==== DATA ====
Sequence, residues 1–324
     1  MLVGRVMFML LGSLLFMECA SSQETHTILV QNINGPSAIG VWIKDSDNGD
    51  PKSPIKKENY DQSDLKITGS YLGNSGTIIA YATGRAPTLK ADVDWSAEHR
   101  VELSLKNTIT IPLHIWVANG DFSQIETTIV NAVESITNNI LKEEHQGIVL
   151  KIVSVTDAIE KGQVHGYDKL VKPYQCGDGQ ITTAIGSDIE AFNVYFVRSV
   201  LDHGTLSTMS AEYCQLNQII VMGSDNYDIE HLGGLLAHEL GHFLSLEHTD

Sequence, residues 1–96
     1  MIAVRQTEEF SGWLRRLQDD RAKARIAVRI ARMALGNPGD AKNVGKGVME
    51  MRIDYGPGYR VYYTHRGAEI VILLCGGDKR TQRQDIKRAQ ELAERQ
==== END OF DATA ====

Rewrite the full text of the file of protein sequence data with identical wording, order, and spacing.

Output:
Sequence, residues 1–324
     1  MLVGRVMFML LGSLLFMECA SSQETHTILV QNINGPSAIG VWIKDSDNGD
    51  PKSPIKKENY DQSDLKITGS YLGNSGTIIA YATGRAPTLK ADVDWSAEHR
   101  VELSLKNTIT IPLHIWVANG DFSQIETTIV NAVESITNNI LKEEHQGIVL
   151  KIVSVTDAIE KGQVHGYDKL VKPYQCGDGQ ITTAIGSDIE AFNVYFVRSV
   201  LDHGTLSTMS AEYCQLNQII VMGSDNYDIE HLGGLLAHEL GHFLSLEHTD

Sequence, residues 1–96
     1  MIAVRQTEEF SGWLRRLQDD RAKARIAVRI ARMALGNPGD AKNVGKGVME
    51  MRIDYGPGYR VYYTHRGAEI VILLCGGDKR TQRQDIKRAQ ELAERQ